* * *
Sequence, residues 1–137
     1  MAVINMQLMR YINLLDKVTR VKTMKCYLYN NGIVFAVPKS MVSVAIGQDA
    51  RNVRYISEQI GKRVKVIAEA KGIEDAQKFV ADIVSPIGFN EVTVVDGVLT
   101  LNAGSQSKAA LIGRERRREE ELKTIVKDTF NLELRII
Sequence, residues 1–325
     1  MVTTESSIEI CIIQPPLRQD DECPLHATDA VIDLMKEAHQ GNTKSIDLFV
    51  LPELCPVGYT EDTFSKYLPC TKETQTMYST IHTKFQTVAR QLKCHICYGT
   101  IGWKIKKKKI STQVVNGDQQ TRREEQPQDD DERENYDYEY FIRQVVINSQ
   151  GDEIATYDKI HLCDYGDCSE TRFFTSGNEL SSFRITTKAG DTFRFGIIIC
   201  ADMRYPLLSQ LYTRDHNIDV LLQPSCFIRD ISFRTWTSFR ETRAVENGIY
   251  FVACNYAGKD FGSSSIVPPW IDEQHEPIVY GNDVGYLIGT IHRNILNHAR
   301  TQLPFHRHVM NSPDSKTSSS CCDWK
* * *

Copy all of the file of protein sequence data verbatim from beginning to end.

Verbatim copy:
Sequence, residues 1–137
     1  MAVINMQLMR YINLLDKVTR VKTMKCYLYN NGIVFAVPKS MVSVAIGQDA
    51  RNVRYISEQI GKRVKVIAEA KGIEDAQKFV ADIVSPIGFN EVTVVDGVLT
   101  LNAGSQSKAA LIGRERRREE ELKTIVKDTF NLELRII
Sequence, residues 1–325
     1  MVTTESSIEI CIIQPPLRQD DECPLHATDA VIDLMKEAHQ GNTKSIDLFV
    51  LPELCPVGYT EDTFSKYLPC TKETQTMYST IHTKFQTVAR QLKCHICYGT
   101  IGWKIKKKKI STQVVNGDQQ TRREEQPQDD DERENYDYEY FIRQVVINSQ
   151  GDEIATYDKI HLCDYGDCSE TRFFTSGNEL SSFRITTKAG DTFRFGIIIC
   201  ADMRYPLLSQ LYTRDHNIDV LLQPSCFIRD ISFRTWTSFR ETRAVENGIY
   251  FVACNYAGKD FGSSSIVPPW IDEQHEPIVY GNDVGYLIGT IHRNILNHAR
   301  TQLPFHRHVM NSPDSKTSSS CCDWK